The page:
I noticed when I was reviewing the Australian newspapers online that throughout December Violet began to disappear from reviews. It only seemed to be Larry and the other usual billed artistes that were getting a mention. And then I found the following in The Newsletter, a Sydney publication:
Mrs Larry Lewis (Violet Stockelle) was singing gaily at the Tivoli on Friday night and on Saturday morning a little stranger arrived – two months before it was expected. Both doing well.
But then on the same date as The Newsletter piece, the Sydney Morning Herald in Deaths reported the following:
Levy, December 7, 1906, at Paddington Ada Ray Sydney, daughter of Mr and Mrs Levy, professionally known as Larry Lewis and Violet Stockwell, age 6 days.
Having been born unexpectedly on Saturday 1 December, Ada Ray Sydney Levy had died within the week, the cause of death given as “premature”. In amongst the tangle of papers and photographs I have inherited from my Dad was a black-edged photo I had always thought ghoulish and couldn’t bear to look at. I pulled it out and took a magnifying glass to read the coffin inscription – it was Ada. No one had understood before who she was. In those early days of photography, families were known to take a photograph of the deceased as a momento mori.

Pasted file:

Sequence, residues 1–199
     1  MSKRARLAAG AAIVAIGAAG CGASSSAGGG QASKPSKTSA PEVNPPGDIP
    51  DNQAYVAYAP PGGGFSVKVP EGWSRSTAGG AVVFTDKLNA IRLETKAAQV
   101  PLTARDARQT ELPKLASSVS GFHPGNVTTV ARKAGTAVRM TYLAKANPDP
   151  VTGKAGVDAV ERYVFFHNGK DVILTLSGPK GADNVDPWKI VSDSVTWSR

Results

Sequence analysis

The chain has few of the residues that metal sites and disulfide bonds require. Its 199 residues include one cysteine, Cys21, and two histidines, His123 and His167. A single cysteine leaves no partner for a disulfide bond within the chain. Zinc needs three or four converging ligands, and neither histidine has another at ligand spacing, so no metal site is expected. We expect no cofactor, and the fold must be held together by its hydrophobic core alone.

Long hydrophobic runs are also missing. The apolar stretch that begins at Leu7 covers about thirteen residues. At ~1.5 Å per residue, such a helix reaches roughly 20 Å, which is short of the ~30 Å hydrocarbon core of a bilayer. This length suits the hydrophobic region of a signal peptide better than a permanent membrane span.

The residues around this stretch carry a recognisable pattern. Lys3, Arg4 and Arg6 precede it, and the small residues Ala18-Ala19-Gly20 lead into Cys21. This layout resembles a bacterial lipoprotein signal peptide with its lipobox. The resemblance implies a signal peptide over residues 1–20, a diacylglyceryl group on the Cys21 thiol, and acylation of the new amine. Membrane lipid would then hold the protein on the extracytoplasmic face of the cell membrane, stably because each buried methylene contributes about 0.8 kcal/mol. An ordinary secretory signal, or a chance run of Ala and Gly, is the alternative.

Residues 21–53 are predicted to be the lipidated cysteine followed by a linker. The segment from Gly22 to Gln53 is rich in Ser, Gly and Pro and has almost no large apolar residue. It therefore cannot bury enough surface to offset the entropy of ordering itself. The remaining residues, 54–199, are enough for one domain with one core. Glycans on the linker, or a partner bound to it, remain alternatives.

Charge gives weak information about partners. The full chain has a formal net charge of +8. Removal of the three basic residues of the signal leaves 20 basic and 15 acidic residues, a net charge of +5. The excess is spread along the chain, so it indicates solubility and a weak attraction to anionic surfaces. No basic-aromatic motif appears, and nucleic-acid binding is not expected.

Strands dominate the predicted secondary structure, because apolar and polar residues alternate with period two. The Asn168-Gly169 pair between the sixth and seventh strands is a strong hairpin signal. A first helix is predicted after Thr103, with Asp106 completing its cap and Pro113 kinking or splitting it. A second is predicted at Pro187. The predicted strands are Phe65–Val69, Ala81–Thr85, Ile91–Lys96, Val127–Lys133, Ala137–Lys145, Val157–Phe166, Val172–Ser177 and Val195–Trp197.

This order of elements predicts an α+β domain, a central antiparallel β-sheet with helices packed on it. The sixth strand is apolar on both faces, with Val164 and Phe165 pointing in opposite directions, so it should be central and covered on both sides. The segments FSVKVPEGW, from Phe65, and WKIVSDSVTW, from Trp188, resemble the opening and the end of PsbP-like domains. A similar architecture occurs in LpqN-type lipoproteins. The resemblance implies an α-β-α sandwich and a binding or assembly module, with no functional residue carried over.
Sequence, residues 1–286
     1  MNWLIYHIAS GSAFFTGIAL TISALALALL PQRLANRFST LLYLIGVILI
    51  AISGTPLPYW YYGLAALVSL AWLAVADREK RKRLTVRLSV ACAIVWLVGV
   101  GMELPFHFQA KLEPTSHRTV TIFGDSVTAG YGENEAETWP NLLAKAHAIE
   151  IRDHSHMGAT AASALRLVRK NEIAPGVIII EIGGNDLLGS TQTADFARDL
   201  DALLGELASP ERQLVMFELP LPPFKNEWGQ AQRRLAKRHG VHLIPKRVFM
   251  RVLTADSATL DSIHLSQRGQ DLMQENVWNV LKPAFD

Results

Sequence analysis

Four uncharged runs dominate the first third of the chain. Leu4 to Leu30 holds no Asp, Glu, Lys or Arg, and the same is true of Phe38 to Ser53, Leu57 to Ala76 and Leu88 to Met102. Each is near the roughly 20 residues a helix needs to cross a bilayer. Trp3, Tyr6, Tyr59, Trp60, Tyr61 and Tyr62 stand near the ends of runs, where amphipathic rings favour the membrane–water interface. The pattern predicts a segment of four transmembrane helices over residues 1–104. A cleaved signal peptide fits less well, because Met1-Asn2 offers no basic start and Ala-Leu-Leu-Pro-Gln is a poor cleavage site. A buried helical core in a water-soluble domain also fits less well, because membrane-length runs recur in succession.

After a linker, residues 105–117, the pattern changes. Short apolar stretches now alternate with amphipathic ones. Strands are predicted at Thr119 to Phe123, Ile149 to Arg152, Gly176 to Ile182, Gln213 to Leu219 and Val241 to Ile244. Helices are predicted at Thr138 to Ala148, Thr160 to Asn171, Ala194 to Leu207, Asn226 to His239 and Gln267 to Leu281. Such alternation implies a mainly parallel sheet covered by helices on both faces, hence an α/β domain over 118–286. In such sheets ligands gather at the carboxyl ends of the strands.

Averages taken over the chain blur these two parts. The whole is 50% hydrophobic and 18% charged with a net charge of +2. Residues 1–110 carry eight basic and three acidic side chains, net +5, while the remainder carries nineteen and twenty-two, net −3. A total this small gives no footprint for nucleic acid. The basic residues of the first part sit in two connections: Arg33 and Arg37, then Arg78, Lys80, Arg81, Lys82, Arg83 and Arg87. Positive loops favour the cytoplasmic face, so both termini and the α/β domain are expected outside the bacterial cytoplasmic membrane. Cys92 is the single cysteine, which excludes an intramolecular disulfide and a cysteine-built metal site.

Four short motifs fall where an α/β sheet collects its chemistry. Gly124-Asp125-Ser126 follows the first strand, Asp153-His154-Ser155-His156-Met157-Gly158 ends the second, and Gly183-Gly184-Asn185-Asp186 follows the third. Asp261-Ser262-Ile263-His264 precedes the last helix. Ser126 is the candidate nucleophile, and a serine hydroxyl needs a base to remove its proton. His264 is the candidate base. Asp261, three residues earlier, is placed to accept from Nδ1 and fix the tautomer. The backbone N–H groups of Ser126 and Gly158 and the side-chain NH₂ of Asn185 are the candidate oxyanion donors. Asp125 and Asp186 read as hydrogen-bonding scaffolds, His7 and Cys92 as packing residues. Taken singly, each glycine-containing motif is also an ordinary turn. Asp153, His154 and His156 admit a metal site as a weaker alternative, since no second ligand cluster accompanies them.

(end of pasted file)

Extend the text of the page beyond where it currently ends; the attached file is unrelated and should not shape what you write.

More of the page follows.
Ada was buried on Saturday 8th December at Waverley cemetery in Sydney, one of the most beautiful spots in the world, located on top of the cliffs at Bronte in the eastern suburbs of Sydney. It is also the final resting place of Harry Rickards, the man who had brought Ada’s parents to Sydney in the first place.
Throughout this period Larry continued performing nightly with two matinees (Wednesday and Saturday 2.30pm). In theatrical parlance – the show must go on. The Sydney Morning Herald tells us that Violet made her return to performing on Boxing Day:
Miss Violet Stockelle reappeared [at the Tivoli, Sydney] after her recent indisposition, and was warmly welcomed
Image of Tivoli, Sydney with boards advertising Larry Lewis and Violet Stockelle
So great grandmother Violet was back on stage two and a half weeks after the sudden birth and death of her daughter but had also travelled half way round the world whilst preganant. What resilience and stamina she must have shown! She also managed to successfully hide her pregnancy bulge as all reviews refer to her daintiness and elegance. It may be that with Ada being so premature this had not fully manifested itself but it must have been a struggle to get her stage costumes on as the Australian tour continued. There was a happy outcome however – by the time of Larry and Violet’s return to England in March 1907, another baby was on its way. My grandmother Norah Ada Beatrice Levy was born in Kennington Park Road, Lambeth on 22 January 1908.